The transmission of that into a job is not working, whether it is the intention of the Fed or not.
Unfortunately, it is not the real economy. If one-tenth the capital used in this effort to save the banks were used to actually hire people to do things that need to be done, yes, you would see some inflation, but you would also see a recovery in the real economy. If the credit expansion that is the source of automobile sales and student debt were in the public sector creating jobs doing things that need to be done, the real economy would take off.
But the real economy is captive to the financial economy. The jailers are the Fed and Treasury and Wall Street's control of the political process. All are active in the futile attempt to avoid an inevitable and ongoing deflation of asset prices. Deflation? Yes, deflation. We have made the point that there are two types of inflation/deflation, in consumer prices and in investment goods. When there is no investment, there is a natural tendency for the economy to stagnate. But how do we know investment goods are deflating? One, prices are going down. We saw a collapse in the primary category of investment over the 2000's – housing. Two, we see people prefer cash to investing. There is a lot of talk about uncertainty, but the uncertainty is not government regulation. The uncertainty is demand, and more than that, whether there is a need for more investment to meet an upturn in demand. Housing is overbuilt, and industrial capacity is overbuilt, both as a result of decades of public subsidy mostly through the tax rules.
Demand Side begins with the premise that the economy is constrained or is driven, depending on your verb, by the demand side. We don't create employment by favoring business and banks, we create employment by creating employment, and that favors businesses and banks. Where you see income growth or credit growth now, associated with the real economy, you see growth growth. Where you see the Fed buying massive amounts of securities. you get nothing, or at best a slowing of deflation. Effective demand is composed of the change in debt and income. The change in debt is largely to the downside in the private sector as households delever, that is household austerity. Businesses lead in the austerity race. States and municipalities are driven to austerity by balanced budget frameworks. Now the federal government is in a posturing war that may force it to austerity. Do we expect a different outcome for ourselves than Greece? Probably not. That's why we call it the fiscal cliff in the U.S. instead of austerity.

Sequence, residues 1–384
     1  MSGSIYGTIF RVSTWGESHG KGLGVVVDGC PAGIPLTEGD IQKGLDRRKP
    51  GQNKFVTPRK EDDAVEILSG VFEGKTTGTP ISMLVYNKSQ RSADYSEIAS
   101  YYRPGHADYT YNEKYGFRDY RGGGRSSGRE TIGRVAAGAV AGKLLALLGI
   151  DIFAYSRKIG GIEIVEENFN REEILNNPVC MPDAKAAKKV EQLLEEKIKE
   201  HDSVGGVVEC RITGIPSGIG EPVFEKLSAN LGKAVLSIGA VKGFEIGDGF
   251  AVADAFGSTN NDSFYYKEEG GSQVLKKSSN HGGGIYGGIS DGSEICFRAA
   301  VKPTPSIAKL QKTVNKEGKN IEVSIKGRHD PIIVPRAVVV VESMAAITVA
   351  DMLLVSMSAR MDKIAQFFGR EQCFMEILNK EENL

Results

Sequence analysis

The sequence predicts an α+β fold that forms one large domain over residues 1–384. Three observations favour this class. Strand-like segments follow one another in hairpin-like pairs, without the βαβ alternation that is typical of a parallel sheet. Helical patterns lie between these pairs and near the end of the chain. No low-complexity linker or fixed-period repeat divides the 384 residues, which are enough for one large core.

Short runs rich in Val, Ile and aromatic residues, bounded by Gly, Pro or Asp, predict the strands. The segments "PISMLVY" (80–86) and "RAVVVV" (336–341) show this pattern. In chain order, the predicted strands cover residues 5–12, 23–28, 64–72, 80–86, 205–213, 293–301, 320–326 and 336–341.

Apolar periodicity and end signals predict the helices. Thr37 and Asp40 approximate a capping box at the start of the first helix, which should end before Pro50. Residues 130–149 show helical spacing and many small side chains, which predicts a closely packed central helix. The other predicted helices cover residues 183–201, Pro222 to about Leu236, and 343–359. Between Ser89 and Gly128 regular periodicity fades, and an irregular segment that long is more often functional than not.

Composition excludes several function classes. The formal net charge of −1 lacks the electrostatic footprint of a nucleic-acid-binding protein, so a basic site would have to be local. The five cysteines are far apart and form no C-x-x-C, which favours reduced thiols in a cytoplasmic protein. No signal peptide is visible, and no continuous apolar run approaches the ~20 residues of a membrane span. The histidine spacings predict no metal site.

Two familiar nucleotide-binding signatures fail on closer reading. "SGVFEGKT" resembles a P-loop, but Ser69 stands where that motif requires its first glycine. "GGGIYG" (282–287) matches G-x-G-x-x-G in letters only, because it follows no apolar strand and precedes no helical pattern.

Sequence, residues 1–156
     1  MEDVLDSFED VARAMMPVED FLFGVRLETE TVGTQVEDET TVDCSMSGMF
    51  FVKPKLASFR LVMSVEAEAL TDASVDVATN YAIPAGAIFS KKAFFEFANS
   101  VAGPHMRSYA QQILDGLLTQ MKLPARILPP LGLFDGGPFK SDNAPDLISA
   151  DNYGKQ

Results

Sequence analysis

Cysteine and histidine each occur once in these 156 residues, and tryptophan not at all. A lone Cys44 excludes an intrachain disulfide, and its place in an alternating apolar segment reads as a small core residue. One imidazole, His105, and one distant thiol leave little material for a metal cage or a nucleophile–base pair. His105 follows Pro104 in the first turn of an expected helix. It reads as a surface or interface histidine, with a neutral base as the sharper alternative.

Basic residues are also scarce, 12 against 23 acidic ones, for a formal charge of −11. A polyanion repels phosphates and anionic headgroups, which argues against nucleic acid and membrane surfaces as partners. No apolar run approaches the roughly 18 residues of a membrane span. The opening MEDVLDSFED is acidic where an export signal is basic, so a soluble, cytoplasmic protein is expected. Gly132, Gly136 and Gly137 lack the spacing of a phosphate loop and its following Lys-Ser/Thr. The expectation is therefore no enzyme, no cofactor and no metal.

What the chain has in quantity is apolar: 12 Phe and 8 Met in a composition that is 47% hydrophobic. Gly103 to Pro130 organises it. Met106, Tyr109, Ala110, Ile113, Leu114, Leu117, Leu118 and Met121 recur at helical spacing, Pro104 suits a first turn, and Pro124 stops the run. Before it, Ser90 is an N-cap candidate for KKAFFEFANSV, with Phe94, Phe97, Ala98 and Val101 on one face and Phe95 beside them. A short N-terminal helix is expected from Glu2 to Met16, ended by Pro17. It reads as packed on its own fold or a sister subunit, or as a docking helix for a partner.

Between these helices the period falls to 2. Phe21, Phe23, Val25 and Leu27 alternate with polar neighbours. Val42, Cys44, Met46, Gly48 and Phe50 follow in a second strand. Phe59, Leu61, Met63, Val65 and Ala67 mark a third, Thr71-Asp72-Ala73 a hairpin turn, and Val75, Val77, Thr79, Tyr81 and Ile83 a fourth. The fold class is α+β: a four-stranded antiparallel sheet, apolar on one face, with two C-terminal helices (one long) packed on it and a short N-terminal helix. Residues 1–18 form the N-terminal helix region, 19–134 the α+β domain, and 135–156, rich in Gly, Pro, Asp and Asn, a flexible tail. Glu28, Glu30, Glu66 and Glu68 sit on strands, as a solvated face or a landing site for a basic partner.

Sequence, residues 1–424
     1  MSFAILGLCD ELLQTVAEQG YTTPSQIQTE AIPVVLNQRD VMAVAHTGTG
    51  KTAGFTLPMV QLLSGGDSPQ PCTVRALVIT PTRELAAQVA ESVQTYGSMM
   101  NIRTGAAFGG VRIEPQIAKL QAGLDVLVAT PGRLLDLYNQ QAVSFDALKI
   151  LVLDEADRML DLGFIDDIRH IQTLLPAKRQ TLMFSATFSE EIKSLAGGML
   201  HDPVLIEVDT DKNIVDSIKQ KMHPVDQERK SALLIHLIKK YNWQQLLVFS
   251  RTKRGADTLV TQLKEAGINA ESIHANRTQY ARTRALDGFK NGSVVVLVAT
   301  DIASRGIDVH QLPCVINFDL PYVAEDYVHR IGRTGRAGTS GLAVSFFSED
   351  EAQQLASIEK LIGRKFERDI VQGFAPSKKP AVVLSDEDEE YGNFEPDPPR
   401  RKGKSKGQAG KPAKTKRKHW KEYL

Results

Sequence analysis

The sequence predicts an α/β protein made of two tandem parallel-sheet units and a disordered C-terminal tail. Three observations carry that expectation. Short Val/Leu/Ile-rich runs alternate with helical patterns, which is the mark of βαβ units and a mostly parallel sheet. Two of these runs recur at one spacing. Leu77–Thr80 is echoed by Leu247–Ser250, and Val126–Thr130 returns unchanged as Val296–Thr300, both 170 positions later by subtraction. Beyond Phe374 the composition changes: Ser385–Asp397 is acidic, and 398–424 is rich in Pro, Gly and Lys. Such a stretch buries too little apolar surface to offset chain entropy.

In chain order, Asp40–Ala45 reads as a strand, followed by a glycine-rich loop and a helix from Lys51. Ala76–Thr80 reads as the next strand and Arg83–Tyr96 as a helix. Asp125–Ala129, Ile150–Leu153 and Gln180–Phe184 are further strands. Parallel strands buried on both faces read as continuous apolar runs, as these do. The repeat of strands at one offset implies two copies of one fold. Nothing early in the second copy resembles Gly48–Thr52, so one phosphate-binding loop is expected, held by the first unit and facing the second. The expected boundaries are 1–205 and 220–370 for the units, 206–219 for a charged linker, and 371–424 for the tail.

Deleveraging should be done by writing down debt. Debt that did not produce the revenue to service it should be written down.
It is a strange and bizarre world we live in where half a decade of evidence is ignored in favor of the paradigm that created a crisis.